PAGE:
The average fleet manager is no stranger to putting in extra hours on the clock when duty calls, and also taking the time to take on roles that might not necessarily be fleet related. The cogs in the machine of fleet management are often many, and making them all turn can be a challenge to say the least.
That’s what Automotive Fleet’s biennial Salary Survey found this year. Clearly, fleets are working harder than ever. In addition to fleet duties, some managers reported having to handle additional travel services, plan meetings, address personnel relocation, handle accounting tasks and human resources duties, etc. The list goes on and on.
Fortunately, the salary survey also found that the average salary for fleet managers has continued to rise over the years. But, for some, it hasn’t been enough. Many fleet managers who commented in the survey, in addition to having too many responsibilities beyond fleet, are having new responsibilities being added, and do not have enough help or hours available to successfully get through the day.
We preach this often, but having the team of a dedicated fleet management company help address problems and locate solutions for your operations will make a world of difference to how you manage your operations. Further still, participating and socializing in fleet events, like our upcoming 2019 Global Fleet Conference, will generate the kind of conversations that can help you learn from those who’ve experienced similar struggles. This all may sound old hat coming from us, but it always rings true.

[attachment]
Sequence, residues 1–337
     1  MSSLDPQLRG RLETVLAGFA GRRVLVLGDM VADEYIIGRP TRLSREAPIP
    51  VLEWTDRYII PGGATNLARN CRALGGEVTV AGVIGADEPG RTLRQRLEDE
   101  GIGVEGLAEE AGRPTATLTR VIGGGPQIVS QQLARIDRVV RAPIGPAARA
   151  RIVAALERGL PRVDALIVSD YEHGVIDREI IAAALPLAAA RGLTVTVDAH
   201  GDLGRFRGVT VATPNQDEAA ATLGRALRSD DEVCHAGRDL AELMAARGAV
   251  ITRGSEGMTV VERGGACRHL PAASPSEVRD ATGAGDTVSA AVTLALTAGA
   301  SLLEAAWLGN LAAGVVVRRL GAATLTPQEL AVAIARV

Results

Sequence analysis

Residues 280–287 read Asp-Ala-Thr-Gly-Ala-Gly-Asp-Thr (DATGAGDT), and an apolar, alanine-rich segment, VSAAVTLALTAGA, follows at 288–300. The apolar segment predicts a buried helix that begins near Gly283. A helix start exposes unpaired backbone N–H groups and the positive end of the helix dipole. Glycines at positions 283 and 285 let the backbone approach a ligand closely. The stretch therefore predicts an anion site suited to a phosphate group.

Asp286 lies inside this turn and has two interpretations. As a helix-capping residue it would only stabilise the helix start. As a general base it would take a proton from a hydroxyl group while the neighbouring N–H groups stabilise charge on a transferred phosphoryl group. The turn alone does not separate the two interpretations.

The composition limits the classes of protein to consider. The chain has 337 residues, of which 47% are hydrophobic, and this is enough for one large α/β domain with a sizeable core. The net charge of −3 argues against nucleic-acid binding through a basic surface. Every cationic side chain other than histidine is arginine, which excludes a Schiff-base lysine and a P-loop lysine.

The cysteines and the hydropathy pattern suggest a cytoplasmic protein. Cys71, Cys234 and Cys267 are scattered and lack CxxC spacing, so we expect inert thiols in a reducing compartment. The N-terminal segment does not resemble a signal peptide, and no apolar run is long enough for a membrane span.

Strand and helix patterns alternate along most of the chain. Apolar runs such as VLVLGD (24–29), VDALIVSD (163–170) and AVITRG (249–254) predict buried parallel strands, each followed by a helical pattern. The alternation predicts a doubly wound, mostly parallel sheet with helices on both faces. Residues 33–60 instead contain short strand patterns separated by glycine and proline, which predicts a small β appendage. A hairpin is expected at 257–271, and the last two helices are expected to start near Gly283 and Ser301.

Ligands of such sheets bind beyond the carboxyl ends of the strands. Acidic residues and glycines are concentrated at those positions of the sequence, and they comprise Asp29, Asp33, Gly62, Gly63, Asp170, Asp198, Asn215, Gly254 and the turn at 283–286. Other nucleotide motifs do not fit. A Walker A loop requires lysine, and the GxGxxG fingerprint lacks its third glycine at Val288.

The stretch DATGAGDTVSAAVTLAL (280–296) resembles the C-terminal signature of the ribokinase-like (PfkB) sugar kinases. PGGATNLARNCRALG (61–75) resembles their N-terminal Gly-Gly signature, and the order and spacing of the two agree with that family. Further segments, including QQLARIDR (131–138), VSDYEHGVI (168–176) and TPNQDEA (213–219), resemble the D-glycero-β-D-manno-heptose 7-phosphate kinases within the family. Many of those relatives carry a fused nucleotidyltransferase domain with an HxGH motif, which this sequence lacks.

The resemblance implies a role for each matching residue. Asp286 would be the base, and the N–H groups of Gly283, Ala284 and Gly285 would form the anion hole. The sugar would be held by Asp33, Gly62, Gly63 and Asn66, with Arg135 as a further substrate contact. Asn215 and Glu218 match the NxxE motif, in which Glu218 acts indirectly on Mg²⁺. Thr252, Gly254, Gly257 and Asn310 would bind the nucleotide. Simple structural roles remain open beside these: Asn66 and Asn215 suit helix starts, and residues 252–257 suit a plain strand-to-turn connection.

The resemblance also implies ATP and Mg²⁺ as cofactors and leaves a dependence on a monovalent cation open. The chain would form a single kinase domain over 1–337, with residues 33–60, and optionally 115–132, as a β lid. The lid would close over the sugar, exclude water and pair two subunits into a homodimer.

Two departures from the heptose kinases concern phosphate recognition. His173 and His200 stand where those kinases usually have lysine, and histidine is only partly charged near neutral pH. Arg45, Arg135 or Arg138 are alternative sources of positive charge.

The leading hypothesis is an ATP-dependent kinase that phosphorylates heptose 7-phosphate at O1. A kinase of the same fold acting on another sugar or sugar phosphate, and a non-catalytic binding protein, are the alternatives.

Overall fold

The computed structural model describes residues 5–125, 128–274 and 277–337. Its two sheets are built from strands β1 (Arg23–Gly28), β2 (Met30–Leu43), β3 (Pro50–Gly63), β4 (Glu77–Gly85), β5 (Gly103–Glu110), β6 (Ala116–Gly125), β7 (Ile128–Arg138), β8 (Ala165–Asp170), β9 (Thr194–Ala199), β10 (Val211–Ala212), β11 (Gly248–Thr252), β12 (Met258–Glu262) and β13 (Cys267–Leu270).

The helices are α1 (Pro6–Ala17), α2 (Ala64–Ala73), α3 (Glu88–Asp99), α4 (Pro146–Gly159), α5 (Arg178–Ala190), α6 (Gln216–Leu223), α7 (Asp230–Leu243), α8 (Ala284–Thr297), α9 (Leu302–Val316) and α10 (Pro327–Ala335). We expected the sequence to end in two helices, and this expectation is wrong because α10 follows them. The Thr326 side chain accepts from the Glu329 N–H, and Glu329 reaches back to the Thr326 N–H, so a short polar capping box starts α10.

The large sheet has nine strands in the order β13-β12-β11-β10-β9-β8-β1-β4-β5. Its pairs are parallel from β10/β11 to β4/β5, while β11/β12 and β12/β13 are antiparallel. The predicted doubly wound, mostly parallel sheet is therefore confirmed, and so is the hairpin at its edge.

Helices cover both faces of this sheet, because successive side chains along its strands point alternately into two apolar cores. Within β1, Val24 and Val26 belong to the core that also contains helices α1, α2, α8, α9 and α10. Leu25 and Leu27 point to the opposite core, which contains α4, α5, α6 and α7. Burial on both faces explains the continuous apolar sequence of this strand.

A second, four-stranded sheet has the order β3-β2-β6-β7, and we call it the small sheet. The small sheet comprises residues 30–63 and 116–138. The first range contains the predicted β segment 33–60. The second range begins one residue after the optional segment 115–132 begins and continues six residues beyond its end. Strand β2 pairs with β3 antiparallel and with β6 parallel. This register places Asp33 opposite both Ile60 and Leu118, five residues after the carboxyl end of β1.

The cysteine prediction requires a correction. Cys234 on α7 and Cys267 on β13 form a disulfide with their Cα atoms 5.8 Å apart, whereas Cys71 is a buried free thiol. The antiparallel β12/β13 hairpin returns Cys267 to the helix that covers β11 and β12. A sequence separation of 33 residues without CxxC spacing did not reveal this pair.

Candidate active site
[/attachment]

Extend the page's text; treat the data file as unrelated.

Despite the trials and tribulations of your average fleet manager, there is a silver lining to those who have stuck with the industry and paid their dues. Naturally, fleets managers with a higher education and more years invested in the industry earn more, but those who are CAFM certified take the cake.
Not only did Automotive Fleet’s 2019 study find that CAFM-certified fleet managers make a higher average salary, but a Monster.com survey late last year found that fleet management professionals who have completed NAFA’s Certified Automotive Fleet Manager (CAFM) program typically earn about a 27% higher salary than those who didn’t attain the certification. The proof of the pudding is in the eating.
Fortunately, underneath the endless piles of fleet paperwork and daily roadblocks that can make fleet a struggle often lays passion for the industry. As our readers regularly mention, their love for the industry helps to keep them going every day, ultimately making the struggle worthwhile. Pay is just icing on the cake.
Originally posted on Automotive Fleet